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From: Jesse Jones (jejones_at_[hidden])
Date: 2000-11-30 18:38:56

>>>(3) Stateful but with changeable state, eg RNGs, accumulators.
>>>In my experience, category (1) and (2) cover most of the uses, eg the
>>>callback examples cited, predicates, etc would fall into these
>>>categories, hence no need for synchronisation. Category (3) is the
>>>minority category, IME, and it is only category (3) that definitely
>>>requires synchronisation.
>>Callbacks that wrap member functions also generally fall into category 3. I
>>think that will be the most common use of callbacks. They're very handy for
>>GUI programming and other sorts of notifications. The other categories seem
>>most useful with template programming (eg std::transform), but I don't
>>think most people now or in the medium term will use callbacks much there.
>Perhaps you misunderstood the classification. Most callbacks fall into
>category 2: stateful but with fixed state. In what way does the function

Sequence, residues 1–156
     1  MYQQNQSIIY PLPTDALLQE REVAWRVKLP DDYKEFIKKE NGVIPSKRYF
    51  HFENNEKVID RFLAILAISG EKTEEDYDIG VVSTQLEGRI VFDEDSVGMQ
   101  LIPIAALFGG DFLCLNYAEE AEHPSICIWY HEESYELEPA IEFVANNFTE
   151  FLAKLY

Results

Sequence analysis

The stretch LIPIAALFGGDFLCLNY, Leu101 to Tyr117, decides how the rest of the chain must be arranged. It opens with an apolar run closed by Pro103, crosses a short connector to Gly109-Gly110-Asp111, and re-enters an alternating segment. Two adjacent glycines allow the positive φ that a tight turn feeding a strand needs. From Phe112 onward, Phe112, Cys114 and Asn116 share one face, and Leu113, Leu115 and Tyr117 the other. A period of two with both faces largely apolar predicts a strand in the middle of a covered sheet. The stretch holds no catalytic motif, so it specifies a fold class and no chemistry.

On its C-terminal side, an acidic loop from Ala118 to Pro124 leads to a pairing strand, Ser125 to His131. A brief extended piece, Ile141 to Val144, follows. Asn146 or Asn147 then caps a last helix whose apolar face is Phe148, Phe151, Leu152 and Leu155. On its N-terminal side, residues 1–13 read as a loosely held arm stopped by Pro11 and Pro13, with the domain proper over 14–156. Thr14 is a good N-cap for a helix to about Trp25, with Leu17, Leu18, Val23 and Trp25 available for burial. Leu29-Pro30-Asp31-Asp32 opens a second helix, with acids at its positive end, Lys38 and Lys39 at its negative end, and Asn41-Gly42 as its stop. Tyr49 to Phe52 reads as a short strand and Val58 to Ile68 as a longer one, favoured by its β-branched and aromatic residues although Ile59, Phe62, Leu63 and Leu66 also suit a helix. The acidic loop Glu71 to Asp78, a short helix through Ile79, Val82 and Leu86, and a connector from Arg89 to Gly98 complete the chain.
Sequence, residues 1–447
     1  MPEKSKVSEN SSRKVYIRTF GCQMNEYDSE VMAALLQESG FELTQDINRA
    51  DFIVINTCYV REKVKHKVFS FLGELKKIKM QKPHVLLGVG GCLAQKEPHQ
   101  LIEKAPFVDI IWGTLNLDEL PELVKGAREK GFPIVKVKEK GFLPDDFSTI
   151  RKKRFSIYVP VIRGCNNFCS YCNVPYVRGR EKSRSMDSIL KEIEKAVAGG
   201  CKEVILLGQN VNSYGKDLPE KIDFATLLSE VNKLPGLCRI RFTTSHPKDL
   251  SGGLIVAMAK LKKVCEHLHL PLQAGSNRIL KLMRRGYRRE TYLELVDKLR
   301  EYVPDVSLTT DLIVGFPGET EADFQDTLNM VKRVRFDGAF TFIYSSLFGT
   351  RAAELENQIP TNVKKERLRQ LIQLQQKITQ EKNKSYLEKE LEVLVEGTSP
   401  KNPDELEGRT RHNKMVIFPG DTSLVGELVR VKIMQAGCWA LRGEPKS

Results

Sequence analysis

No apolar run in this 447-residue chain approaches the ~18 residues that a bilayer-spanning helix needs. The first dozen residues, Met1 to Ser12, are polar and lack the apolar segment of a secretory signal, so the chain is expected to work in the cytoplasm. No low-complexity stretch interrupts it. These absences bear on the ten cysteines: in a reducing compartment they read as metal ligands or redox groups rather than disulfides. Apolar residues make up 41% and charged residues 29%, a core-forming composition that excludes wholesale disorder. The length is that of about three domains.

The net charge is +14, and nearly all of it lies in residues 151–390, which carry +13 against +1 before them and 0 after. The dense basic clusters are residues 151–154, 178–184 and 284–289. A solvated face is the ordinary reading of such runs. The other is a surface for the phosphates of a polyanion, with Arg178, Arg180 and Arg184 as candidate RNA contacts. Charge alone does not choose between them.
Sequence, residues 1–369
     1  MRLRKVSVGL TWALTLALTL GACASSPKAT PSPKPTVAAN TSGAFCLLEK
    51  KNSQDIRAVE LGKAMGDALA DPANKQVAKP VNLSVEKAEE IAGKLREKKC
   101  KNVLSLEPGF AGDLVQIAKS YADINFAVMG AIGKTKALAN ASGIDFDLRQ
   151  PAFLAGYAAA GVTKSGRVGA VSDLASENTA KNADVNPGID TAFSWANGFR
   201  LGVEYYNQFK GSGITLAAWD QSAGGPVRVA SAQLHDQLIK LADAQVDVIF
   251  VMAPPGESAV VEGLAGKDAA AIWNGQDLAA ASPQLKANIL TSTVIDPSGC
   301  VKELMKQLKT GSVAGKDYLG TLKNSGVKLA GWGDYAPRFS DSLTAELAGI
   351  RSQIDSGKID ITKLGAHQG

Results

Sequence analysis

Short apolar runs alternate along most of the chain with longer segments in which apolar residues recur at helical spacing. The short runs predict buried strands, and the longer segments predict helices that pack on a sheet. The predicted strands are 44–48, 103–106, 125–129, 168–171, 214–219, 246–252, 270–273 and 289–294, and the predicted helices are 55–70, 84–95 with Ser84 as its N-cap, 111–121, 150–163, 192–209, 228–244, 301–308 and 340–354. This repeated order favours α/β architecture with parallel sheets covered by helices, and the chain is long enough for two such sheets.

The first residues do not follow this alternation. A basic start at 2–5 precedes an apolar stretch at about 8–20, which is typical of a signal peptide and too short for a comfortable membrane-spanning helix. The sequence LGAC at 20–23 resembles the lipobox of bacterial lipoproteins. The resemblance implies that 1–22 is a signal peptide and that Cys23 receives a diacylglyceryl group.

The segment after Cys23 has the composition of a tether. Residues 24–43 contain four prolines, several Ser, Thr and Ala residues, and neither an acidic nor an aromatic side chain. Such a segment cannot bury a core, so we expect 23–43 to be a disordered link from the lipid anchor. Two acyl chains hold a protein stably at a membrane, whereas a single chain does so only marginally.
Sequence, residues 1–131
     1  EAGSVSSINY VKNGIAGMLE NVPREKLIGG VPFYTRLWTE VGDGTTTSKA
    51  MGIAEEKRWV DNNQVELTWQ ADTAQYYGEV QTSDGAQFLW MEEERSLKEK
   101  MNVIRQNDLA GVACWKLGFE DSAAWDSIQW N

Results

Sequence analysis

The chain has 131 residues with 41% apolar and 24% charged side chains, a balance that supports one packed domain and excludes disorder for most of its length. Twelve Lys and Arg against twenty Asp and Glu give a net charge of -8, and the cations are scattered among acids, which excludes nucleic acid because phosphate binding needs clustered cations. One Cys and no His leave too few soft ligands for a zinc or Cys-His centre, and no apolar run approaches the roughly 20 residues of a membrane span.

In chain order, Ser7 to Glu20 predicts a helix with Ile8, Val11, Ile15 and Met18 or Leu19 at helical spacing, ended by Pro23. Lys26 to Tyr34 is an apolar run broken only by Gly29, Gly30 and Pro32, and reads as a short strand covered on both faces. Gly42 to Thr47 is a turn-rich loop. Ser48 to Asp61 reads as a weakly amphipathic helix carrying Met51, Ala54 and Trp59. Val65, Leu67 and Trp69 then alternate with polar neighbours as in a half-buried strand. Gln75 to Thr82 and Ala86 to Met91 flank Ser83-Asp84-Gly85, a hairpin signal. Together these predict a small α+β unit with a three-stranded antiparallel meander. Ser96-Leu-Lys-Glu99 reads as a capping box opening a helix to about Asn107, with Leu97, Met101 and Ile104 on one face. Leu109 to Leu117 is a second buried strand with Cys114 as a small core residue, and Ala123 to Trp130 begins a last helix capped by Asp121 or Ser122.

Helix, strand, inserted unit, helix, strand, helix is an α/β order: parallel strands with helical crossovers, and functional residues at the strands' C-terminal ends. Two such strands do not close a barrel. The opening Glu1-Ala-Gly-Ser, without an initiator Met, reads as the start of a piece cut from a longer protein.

>object associated with typical callbacks normally change? It has a
>target, a member function to hit, and something to say. I would presume
>that this would not change once the callback had been invoked. What
>state changes in the callback did you have in mind?

Well, I was thinking of state in a broader sense than that in just the
callback object. However the only way to protect that state seem icky so I
think your original narrowly focused definitons are right.

>As another point, no matter what terminology we settle on eventually, I
>think we should consider dropping "callback": this is an application of
>the class under discussion not its sole use or only reason for
>existence. I think the name has strongly coloured the way that people
>have considered the class, ie geared towards event notification.

Callback doesn't mean event notification to me or, I think, many people. It
means deferred function call which is exactly exactly the concept we're

  -- Jesse

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